This is a radical extension of d├ędoublement: eery and intensely unsettling. An unwelcome and fearful imagining born out of the naked shudder of the rawness of the new-born soul breaks in and is not readily discarded. The liminal consciousness of the poetic 'I' suspended in its bracketed container has both the force and the near comic innocence of a child conjuring a bogeyman. The potential for 'fault' or 'sin' always lurks, but there is a nascent purity which shimmers with all the intensity of a Blakeian, Manichean vision.

The Derridean/Lacanian/Barthesian philosophical axis, which reconstituted the language/meaning problematic, launched us all into an era of 'playfulness' and has, in some measure, informed quite distinct modes of production. On the one hand it has, partially, relegitimised the ludic world of the performative lyric, a mode already established in the mid twentieth century partly in reaction to T.S. Eliot's dominance (though his homeopathic trace remains); Simon Armitage would be a prime example of this tendency. On another, there is the radically experimental world of such as Scott Thurston and Tom Raworth, in which language is 'liberated' from syntactic chains and relaunched in a paradigmatic dimension. The latter school has some bearing on any explication of Stubbs's linguistic effects, in that his acts of dislocation mess with the syntagmatic apparatus and deliver new layers of meaning, and that meaning may be unbidden, novel, unsettling and affective.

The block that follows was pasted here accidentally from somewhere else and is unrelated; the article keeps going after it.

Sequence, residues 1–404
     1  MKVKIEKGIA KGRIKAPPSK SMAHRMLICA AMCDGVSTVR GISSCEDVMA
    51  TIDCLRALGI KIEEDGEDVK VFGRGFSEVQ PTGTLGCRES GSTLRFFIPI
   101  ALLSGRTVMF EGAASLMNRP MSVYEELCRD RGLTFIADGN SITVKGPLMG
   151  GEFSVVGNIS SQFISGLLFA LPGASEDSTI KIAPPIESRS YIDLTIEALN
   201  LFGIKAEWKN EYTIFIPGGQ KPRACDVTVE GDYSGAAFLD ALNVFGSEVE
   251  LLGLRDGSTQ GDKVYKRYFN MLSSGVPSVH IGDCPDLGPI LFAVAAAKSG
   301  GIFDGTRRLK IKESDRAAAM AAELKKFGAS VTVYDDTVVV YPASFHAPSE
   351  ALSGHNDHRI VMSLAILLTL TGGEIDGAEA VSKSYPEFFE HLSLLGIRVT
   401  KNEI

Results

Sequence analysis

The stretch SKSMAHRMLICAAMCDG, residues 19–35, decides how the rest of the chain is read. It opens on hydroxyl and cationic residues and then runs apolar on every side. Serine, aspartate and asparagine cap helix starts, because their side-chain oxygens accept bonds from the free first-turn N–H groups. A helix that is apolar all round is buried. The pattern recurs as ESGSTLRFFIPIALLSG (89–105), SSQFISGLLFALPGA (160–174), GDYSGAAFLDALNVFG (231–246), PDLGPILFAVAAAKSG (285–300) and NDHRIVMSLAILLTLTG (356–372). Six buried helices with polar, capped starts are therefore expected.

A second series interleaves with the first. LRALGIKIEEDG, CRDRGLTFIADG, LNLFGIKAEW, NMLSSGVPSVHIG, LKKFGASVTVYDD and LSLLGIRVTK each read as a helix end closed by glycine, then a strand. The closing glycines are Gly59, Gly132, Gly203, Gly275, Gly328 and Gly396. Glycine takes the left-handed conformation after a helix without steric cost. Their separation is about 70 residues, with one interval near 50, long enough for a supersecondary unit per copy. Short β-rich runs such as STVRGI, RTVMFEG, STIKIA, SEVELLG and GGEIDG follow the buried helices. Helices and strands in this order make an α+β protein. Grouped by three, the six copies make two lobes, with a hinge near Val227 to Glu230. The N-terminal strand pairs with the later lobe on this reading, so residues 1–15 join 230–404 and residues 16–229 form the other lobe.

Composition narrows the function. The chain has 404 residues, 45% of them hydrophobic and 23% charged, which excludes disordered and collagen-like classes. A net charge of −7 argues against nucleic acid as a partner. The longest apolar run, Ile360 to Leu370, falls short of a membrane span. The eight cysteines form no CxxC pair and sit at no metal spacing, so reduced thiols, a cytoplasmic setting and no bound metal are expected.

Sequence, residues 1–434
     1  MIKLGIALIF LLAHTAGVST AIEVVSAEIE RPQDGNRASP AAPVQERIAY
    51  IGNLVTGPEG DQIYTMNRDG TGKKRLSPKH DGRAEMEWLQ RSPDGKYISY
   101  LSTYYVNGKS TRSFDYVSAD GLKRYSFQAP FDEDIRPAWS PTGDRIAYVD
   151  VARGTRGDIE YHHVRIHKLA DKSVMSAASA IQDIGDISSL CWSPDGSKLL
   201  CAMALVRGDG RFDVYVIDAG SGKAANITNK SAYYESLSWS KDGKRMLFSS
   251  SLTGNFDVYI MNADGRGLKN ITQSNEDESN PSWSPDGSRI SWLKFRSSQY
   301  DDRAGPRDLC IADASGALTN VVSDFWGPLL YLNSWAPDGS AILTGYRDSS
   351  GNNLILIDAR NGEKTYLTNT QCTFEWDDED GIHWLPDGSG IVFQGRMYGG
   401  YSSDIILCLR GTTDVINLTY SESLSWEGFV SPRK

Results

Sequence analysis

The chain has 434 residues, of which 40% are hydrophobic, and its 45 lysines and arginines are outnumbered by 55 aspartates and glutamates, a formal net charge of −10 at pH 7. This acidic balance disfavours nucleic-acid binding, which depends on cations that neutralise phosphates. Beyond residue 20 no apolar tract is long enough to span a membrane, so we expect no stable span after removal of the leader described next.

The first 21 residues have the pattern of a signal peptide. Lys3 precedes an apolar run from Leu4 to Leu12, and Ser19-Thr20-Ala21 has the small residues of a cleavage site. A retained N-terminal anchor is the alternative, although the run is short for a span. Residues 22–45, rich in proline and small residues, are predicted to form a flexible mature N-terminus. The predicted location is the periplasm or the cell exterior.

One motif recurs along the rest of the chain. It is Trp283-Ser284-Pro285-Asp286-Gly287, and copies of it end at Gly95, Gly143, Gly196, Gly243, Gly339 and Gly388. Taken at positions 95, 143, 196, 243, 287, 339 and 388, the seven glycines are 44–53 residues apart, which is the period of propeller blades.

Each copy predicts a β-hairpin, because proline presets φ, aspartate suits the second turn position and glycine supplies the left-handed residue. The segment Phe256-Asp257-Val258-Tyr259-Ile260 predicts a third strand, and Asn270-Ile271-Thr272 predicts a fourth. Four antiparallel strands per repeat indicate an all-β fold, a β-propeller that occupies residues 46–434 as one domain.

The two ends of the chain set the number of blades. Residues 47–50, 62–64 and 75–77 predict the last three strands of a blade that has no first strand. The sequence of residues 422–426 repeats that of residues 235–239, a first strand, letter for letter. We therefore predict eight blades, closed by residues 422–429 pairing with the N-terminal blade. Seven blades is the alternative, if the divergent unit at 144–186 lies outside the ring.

Paul Stubbs's Ex Nihilo is the antidote to a poetry publishing current which appears to admit the most trivial of efforts. Poetry is a broad church and there's no intrinsic harm in accessibility. However, Stubbs is coming from an entirely different place. He's not writing for the reader who is looking for the habitual 'performative' element, though performance there is in every scalpel's incision. The poet as surgeon diving deep for the soul, excavates the flesh, avoids his own anaesthesia and confronts that primeval landscape in an acupunctural ecstasy with only the agony of an already conscient subjectivity echoing the necessity of intervention.

This review reflects an initial immersion in Stubbs's complex poem. I will inevitably return to this book and it will doubtless haunt me as did The Icon Maker. Ex Nihilo is a poem replete with original ideas, perspectives and perceptions. It eschews the 'duplicitous form, its goodbye' in an act of creative becoming. Herein, Paul Stubbs combines the power of the makar with the vision of the savant and manages nothing less than invoking a truly original word event.